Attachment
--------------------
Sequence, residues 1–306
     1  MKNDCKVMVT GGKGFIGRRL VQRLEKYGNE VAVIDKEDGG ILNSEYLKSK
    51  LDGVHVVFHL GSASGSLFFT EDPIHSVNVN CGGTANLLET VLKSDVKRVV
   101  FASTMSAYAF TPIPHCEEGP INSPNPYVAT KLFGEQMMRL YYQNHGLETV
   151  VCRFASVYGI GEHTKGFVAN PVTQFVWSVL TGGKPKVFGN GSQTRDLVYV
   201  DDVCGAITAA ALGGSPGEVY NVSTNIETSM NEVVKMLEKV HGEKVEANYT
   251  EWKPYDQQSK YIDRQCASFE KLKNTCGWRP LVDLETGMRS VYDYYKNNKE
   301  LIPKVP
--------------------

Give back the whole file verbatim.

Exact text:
Sequence, residues 1–306
     1  MKNDCKVMVT GGKGFIGRRL VQRLEKYGNE VAVIDKEDGG ILNSEYLKSK
    51  LDGVHVVFHL GSASGSLFFT EDPIHSVNVN CGGTANLLET VLKSDVKRVV
   101  FASTMSAYAF TPIPHCEEGP INSPNPYVAT KLFGEQMMRL YYQNHGLETV
   151  VCRFASVYGI GEHTKGFVAN PVTQFVWSVL TGGKPKVFGN GSQTRDLVYV
   201  DDVCGAITAA ALGGSPGEVY NVSTNIETSM NEVVKMLEKV HGEKVEANYT
   251  EWKPYDQQSK YIDRQCASFE KLKNTCGWRP LVDLETGMRS VYDYYKNNKE
   301  LIPKVP